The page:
Want to Charge for Digital Content?
Other than in Europe, offers for individual articles cannot be found very often in the U.S. newspaper landscape; more lucrative subscription models seem to prevail, mostly within a freemium model that allows free access to selected articles (or the first X articles per month). The New York Times already ventured into prepaid offers, as it sells individual online articles from its archives for $3.95 and a 10-article package at a discounted price for those who know they need access to more than one article.
Start Taking Your First Steps …
No single answer exists as to how paid content offers should be priced. But the five steps described here can certainly lead you in the right direction. The first step (strategy) is to explore which offer prices (for articles, apps, online subscriptions, etc.) will generate the highest profits. You must invest time and effort in researching your readers' appetite for paid content in a realistic market situation (i.e., with "free" offers still out there). You must factor in this market backdrop when determining how many readers and how much advertising income you are willing to sacrifice due to paid content.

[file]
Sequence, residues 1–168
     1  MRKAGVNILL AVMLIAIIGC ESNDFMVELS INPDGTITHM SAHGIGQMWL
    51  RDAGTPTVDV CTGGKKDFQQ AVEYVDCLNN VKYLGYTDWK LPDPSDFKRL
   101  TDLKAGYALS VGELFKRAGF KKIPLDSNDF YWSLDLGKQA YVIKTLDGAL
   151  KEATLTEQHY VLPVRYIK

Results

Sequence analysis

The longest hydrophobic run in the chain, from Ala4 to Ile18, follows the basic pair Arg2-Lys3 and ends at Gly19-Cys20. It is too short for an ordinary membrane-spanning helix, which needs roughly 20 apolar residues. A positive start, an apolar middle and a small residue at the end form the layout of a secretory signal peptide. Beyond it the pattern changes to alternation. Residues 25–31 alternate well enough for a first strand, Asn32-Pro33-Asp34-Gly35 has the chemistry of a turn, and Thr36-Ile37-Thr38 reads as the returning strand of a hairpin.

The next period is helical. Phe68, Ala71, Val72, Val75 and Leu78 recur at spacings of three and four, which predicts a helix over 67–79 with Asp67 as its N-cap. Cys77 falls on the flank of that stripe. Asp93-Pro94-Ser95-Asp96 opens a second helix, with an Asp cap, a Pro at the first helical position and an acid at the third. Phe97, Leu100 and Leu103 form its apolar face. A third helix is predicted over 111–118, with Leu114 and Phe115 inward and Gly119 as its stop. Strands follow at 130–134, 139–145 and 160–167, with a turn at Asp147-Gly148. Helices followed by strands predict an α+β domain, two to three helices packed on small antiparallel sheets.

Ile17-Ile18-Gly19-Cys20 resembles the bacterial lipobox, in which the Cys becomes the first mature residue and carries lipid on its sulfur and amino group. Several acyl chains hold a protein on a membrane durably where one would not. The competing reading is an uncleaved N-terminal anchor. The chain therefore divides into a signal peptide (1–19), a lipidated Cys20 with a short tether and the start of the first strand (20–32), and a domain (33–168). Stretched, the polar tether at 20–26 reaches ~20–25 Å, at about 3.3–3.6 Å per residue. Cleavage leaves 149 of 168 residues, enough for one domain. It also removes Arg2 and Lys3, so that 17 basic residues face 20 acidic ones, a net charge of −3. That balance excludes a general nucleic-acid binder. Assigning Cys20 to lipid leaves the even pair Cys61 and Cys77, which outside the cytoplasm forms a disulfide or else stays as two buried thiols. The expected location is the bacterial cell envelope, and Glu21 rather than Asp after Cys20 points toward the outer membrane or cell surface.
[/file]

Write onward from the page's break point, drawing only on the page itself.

The second step (value orientation) involves determining which price-performance ratio your paid content offer provides up against the competition.
Then, in step three (customer-oriented offer), you must ascertain which customer segment you should approach. When designing your offer and creating a customer-specific price model, you must not only know the reading patterns of your customers, but also determine the possible cannibalization risks that could decrease your print revenues (step four, the price model). This must be checked before you set the price level of your publishing portfolio offers (step five, price level). None of these questions are easy to answer—all the more reason to get started immediately. PE